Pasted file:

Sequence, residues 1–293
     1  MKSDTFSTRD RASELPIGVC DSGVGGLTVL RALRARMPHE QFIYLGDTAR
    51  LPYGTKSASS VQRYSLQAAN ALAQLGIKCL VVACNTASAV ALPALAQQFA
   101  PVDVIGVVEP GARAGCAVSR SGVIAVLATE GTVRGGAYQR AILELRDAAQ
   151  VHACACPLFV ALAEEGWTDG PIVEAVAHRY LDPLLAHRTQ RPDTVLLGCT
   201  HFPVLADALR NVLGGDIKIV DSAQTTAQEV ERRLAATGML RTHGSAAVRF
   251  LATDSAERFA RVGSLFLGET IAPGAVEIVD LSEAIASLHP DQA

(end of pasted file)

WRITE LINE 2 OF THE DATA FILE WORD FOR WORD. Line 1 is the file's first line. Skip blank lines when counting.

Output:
     1  MKSDTFSTRD RASELPIGVC DSGVGGLTVL RALRARMPHE QFIYLGDTAR